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Monday, November 14, 2016

How I would fix Obamacare, part 1

I'm convinced part of the late surge in Trump voting over Clinton voting was the large increases in Obamacare coverage costs. This is a real pocketbook issue for people who have to buy on the exchanges.

Not helping at all were the Jonathan Gruber interviews (he's the economist who had a strong hand in drafting Obamacare).  He minimized the problems with the increases (fine for an academic with paid healthcare to say) and said the solution was to substantially increase the penalty for not buying insurance.  In other words, penalize those who feel they can't afford to be insured.  This is fine economic theory, but sounds bloodless to those actually in the situation of buying unsubsidized policies on the exchanges.

Side note: I had to buy a policy on the Obamacare exchange for a few months between the end of my COBRA coverage and the beginning of Medicare.  This was over a year after they had supposedly fixed the site after the initial problems.  The site was still very difficult to use, slow, and used terminology that only a bureaucrat could love.  Worse yet, when I became eligible for Medicare I had a lot of trouble cancelling the policy -- it couldn't be done via the website, and after calling for help I sat on hold for a long time, then when I got a human they hung up on me as soon as I described my problem.  Luckily, I was paying by check and could just not pay until the insurer cancelled me. (The insurer explained that they couldn't cancel the policy themselves, because it had been purchased through the exchange.)  I kept comparing this to my experience shopping on Amazon.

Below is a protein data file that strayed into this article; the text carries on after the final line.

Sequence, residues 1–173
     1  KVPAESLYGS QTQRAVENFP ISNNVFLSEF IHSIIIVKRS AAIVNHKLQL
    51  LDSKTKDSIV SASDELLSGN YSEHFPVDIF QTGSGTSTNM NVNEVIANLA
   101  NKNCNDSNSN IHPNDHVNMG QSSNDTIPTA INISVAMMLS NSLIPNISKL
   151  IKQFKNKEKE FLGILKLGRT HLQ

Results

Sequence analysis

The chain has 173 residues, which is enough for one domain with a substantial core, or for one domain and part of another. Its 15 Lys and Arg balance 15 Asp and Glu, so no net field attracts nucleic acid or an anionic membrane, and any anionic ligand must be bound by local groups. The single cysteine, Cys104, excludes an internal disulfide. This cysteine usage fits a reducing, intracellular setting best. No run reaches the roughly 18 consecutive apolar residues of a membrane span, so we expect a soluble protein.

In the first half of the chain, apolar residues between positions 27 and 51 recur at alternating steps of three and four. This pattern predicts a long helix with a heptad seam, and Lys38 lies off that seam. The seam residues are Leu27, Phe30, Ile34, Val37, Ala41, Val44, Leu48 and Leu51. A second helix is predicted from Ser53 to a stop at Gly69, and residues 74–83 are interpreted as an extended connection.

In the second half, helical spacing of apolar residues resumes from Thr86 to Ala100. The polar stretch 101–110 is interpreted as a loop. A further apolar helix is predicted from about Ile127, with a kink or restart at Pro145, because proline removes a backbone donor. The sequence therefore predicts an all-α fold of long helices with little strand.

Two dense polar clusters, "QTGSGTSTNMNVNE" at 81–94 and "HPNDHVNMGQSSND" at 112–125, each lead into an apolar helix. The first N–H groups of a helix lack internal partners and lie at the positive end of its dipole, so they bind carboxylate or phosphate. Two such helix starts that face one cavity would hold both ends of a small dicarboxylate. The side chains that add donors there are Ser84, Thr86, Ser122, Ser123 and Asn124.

So, what would I do?


1. I would get employers out of the picture entirely. Involving employers means there is a huge incentive to hire part-time workers, who do not get health care benefits.  In retirement, I'm still working 20% at my old employer, and teaching one course a semester at a local university. In neither case do I get any of the health care benefits that full time employees get.

Part time work is fine if you're a retiree who doesn't need the money, but not good if you are trying to raise a family or move forward in a career.  Yet, current government policy encourages it. Also, since many employers self-insure, there is pressure not to hire older, potentially sicker employees or get rid of them. Yes, there are laws against this, but unless there's a blatant violation there won't be any repercussions.

We could easily replace this system by requiring an employer to pay into a fund so much per hour. If this was $2, then a full time worker would get $80 a week into the fund. Someone working 8 hours a week would get $16 a week put into the fund.

2. I would require only catastrophic coverage. This is a less expensive mandate, and also is what people most fear -- being bankrupted by suddenly having a catastrophic accident or illness.

This has the side effect of being less controversial than the broader coverage that led to the Hobby Lobby case.

This doesn't mean you couldn't buy a more expensive plan, just that you wouldn't need to.

To be continued ...